She left the East End to study politics, philosophy and economics at St John’s College, Oxford, but returned in her holidays to conduct research for renowned sociologist and social activist Michael Young, talking to youth workers and young people.

On finishing university, Ali found she was drawn towards human rights law, but, not really wanting to study for and also finance a law degree, she instead got a job with the then-MP for Bethnal Green and Bow, Oona King, who was also on the international development select committee.

Now, 15 years on, she has come to occupy that constituency seat herself, something she says she’s “incredibly proud of”.

“It’s hugely exciting, but a big responsibility, I think if it’s your home seat, if it’s the place you grew up in you have a special connection, you know a lot of people in the area,” explains Ali.

“The insights you get from a long span of your lifetime really help you to get across where the blockages are, where the problems occur and how those can be overcome.

“Also, I think what’s great is that when I say to young people ‘I went to your school’ or ‘I went to your college’ it doesn’t feel as detached for them.”Ali, along with fellow Labour politicians Shabana Mahmood and Yasmin Qureshi, was one of the first female Muslim MPs in the UK.

She was also the first person in her family to go to university and the first student from her school to go to Oxford. With so many firsts on her CV, questions about being a ‘role model’ are difficult to avoid.

“I think in terms of when I decided to go to university, it was about what I wanted to do, it wasn’t really about what then it symbolises,” explains Ali.

“But you are very aware, just like women in parliament, the first intake of women in parliament would have been very aware of the fact that there are others who would look to them — that happens.” And, she admits, role models have their place in “demystifying” aspirational places like university or parliament. “Certainly when I went to Oxford, one of my friends went to Cambridge and I think we were probably the only two in the borough who did, and that was important because our teachers could say to their kids ‘you should not see Cambridge and Oxford and all the Russell Group universities and so on as places you can’t get to’,” she says.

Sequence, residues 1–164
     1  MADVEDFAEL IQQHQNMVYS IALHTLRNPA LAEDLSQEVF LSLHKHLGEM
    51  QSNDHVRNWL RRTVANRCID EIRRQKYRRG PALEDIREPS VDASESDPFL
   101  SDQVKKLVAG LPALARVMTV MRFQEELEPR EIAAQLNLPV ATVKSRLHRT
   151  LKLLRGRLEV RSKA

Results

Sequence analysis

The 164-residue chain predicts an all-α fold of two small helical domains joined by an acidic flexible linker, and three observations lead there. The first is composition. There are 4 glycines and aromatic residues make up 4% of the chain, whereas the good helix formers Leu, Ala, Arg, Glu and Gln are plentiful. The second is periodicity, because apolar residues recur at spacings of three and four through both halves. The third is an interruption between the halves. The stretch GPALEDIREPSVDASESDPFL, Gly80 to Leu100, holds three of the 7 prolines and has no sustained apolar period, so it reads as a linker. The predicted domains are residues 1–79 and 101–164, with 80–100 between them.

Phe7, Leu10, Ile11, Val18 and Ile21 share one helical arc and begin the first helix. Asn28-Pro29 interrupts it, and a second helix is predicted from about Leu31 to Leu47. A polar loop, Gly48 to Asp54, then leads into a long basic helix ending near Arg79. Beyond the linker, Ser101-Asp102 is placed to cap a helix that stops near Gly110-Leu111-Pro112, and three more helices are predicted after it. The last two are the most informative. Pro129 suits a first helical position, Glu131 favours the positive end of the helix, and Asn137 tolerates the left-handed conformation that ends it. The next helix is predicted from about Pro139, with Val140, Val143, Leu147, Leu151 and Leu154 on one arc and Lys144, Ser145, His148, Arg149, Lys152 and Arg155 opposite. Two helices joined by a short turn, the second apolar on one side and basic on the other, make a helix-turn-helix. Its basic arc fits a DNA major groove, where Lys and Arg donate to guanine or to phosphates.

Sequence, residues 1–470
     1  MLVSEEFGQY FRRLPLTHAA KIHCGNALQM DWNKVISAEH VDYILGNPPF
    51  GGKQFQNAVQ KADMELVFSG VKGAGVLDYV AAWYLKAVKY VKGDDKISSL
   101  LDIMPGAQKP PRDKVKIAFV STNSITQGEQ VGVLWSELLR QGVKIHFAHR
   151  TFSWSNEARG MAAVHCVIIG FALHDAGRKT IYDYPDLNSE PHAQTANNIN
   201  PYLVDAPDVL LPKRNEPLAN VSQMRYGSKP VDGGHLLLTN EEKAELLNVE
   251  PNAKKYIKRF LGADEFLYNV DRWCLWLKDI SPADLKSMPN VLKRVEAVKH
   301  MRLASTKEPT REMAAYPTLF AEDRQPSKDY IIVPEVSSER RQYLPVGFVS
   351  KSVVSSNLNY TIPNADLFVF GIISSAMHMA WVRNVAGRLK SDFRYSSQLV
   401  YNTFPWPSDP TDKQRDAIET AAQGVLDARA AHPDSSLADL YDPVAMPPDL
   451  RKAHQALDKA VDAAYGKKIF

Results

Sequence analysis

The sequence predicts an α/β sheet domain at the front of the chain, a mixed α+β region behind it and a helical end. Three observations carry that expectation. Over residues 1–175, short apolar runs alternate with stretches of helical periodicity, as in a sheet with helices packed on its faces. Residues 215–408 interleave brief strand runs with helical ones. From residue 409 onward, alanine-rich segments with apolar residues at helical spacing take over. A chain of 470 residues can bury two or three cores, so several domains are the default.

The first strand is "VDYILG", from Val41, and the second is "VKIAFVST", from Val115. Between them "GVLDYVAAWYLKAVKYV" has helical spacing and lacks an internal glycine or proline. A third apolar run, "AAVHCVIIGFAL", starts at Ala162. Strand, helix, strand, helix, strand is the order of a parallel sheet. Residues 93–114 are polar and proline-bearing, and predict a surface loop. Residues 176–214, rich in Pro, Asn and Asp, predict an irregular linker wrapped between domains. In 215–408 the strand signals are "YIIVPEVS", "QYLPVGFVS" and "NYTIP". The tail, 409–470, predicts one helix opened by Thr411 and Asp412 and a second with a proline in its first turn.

“That’s why I’m really keen that there are more people from diverse backgrounds who go into politics because then it becomes self-evident, it becomes normal and these places become places that anyone can feel that they can get into if they do the work.”

Perhaps the reason Ali seems so poised to make a smooth transition to her new brief is that she sees them as part of the same continuum of improving people’s lives and social equality.

“A lot of people say this I know, but education really is the key to all the other things that happen in the community or in a country, and that’s certainly what I saw in the east end of London,” she explains.

“For many people, the transformation of education has really transformed their lives. And that’s a very powerful story.”

It’s a personal thing

 

What’s your favourite book?

The Handmaid’s Tale by Margaret Atwood. It takes me back to my FE College, actually, I had these amazing English literature teachers Mary Jones and Helen Coxidge, and it was brilliantly taught

If you could invite anybody to a dinner part, living or dead, who would it be?

Nelson Mandela

What’s your pet hate?

There are probably lots of things but I can’t think of anything off of the top of my head

What do you do to switch off from work?

Friends, reading novels, family, films — although I rarely get time to go to the cinema now

What did you want to be when you grew up?

I actually wanted to be a teacher when I was 10 or 11, then I realised how hard it was — but there’s still time. Then I wanted to be an archaeologist. I think that had something to do with Indiana Jones